The clinical features of amyloidosis vary depending on which type of amyloid fibrils are responsible. Systemic amyloidosis can lead to heart failure with left ventricular hypertrophy on echocardiogram with standard or low voltage electrocardiogram. Hepatomegaly, nephrotic syndrome, macroglossia, orthostatic hypotension, ecchymosis and autonomic and peripheral neuropathy can be present. Carpal tunnel syndrome, jaw claudication, and articular deposits of amyloid can also be a manifestation of systemic amyloidosis. In secondary amyloidosis (AA), hepatosplenomegaly, proteinuria, renal failure, and orthostasis can be seen. ATTR amyloidosis onset is during midlife and presents with peripheral and autonomic neuropathy, cardiomyopathy, and vitreous opacities. Amyloid beta-amyloidosis is localized to the central nervous system and presents as sporadic Alzheimer disease and aging.
Other physical exam findings can lead to suspicion of amyloidosis diagnoses like shoulder pads from amyloid deposition, amyloid purpura, and raccoon eyes secondary to factor-X deficiency in the case of AL amyloidosis and prolonged PT, PTT, that correct with mixing studies pointing towards the involvement of factor deficiencies in the common pathway of coagulation.
Clinical suspicion, family history, and tissue biopsy establish the diagnosis.
Plasma cell clone identification
Serum and urine electrophoresis with immunofixation and free light chains (FLC) should be requested to rule out plasma cell dyscrasia. When monoclonal light chains are not present, bone marrow biopsy can help establish the diagnosis by immunohistochemical staining. Immunofluorescence in situ hybridization should be ordered as well and skeletal survey.
When plasma cell dyscrasia is ruled out, other types of amyloidosis should be considered. Tissue typing can be done by mass spectrometry, immune electron microscopy or immunohistochemistry. Transthyretin can be detected by isoelectric focusing on the serum which separates wild-type (or formerly known senile cardiac amyloidosis) and variant transthyretin.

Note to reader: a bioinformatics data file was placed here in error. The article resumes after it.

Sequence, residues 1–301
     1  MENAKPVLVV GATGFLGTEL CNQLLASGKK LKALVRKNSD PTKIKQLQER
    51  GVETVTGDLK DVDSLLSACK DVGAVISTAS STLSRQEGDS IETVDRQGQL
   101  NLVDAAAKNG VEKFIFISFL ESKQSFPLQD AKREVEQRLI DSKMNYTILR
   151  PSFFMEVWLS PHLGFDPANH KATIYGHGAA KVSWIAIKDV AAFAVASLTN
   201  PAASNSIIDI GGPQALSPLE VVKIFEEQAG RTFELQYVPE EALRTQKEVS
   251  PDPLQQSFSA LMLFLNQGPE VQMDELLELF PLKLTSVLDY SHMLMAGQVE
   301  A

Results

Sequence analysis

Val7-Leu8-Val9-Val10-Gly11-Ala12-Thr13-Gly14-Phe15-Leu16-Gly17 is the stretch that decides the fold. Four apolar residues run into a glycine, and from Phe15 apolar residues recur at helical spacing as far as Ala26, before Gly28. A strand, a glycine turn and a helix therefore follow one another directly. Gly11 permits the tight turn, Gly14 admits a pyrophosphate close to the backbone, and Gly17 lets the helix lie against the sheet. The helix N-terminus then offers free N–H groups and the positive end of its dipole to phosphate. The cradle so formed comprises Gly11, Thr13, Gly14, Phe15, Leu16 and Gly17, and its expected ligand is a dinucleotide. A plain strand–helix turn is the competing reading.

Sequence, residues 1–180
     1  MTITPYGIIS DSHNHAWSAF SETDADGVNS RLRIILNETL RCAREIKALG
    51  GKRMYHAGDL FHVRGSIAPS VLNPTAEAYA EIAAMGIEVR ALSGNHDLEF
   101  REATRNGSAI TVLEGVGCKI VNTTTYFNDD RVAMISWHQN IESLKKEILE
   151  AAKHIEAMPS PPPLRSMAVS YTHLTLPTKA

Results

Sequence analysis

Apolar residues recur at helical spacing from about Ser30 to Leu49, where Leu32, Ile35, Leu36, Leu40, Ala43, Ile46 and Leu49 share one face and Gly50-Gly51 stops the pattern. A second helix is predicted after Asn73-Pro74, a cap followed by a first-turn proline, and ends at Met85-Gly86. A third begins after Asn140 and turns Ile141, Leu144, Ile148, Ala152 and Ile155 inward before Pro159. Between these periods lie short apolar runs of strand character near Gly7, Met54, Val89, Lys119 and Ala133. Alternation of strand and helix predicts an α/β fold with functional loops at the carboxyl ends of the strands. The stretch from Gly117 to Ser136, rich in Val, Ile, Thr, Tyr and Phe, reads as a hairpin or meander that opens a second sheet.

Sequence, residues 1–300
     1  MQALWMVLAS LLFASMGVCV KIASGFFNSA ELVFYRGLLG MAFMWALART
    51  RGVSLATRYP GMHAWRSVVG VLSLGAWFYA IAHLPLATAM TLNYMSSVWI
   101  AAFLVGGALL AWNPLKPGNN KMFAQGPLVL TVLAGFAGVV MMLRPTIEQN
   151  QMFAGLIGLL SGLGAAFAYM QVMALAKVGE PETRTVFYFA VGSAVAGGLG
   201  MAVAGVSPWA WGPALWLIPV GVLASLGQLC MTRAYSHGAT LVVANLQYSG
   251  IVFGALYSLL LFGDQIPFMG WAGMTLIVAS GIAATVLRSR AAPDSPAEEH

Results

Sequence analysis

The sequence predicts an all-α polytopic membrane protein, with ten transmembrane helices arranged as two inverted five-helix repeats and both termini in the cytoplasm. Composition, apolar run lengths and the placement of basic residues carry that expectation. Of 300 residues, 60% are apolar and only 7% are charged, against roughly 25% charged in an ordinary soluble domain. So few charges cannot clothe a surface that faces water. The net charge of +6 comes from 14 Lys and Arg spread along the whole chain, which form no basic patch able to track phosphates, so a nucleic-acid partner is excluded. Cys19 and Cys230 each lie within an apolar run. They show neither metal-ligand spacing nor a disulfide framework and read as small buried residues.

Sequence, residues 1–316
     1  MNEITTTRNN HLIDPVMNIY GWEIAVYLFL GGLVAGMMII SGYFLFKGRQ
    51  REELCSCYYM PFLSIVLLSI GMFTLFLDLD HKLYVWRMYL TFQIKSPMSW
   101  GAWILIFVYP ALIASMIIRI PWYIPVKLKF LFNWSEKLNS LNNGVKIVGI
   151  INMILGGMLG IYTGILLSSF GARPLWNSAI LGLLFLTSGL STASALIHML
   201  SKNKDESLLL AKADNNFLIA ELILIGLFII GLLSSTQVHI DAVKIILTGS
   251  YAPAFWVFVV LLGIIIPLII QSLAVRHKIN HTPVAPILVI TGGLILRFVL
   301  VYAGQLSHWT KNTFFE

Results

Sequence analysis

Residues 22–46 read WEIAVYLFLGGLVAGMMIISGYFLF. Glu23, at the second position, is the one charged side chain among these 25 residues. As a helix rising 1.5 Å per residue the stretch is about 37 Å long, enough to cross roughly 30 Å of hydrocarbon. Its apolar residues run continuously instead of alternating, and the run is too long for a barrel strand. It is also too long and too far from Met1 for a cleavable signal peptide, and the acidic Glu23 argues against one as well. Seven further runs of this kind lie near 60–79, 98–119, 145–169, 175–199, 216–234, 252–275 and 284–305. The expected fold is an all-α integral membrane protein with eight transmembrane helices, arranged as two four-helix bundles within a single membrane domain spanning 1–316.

Should be done when hereditary amyloidosis has to be ruled out based on clinical grounds.
When transthyretin has not been identified, and patients have macroglossia and other typical organ involvement, AL should still be suspected despite plasma cell dyscrasia absence. ATTRwt is diagnosed by cardiac biopsy showing positivity to antibodies against normal transthyretin. Cardiac Scintigraphy with bone tracers can help differentiate AL amyloidosis which shows mild or no uptake from transthyretin amyloidosis which has strong uptake. This could potentially spare cardiac biopsy.
AA amyloidosis is considered when transthyretin and AL have been ruled out, and there are kidney involvement and neuropathy. Immunohistochemistry aids in the diagnosis of AA.
Organ involvement and staging of the disease should be established to design the treatment plan. For cardiac function, evaluation should include an echocardiogram with an assessment of strain, NT-proBNP, troponins, ECG, Holter ECG, and cardiac MRI should be solicited. For kidney function, evaluation 24-hour urinary protein and eGFR are needed. Liver function test and imaging (ultrasound (US), MRI, or CT scan) can help with hepatic function assessment.
AL amyloidosis: This disease is treated most likely in the framework of clinical trials and depending on the risk stratification according to the Standard Mayo Clinic staging system.
ATTR amyloidosis: Transthyretin is a protein predominantly synthesized in the liver. Upon liver transplant, mutant transthyretin disappeared from blood and neuropathy improvement was observed.
Supportive therapy: The treatment of systemic amyloidosis involves supportive therapy aiming to maintain the quality of life and prevent organ dysfunction. If patients are on a heart transplant waiting list, they should receive low-dose chemotherapy due to increased survival.
Splenectomy: An option with proper prior vaccination when there is severe factor-X deficiency leading to bleeding diathesis. Factor X deficiency is seen in 2.5% of patients with AL amyloidosis. Splenectomy is effective in patients who have splenomegaly, but not usually in patients with a normal size spleen.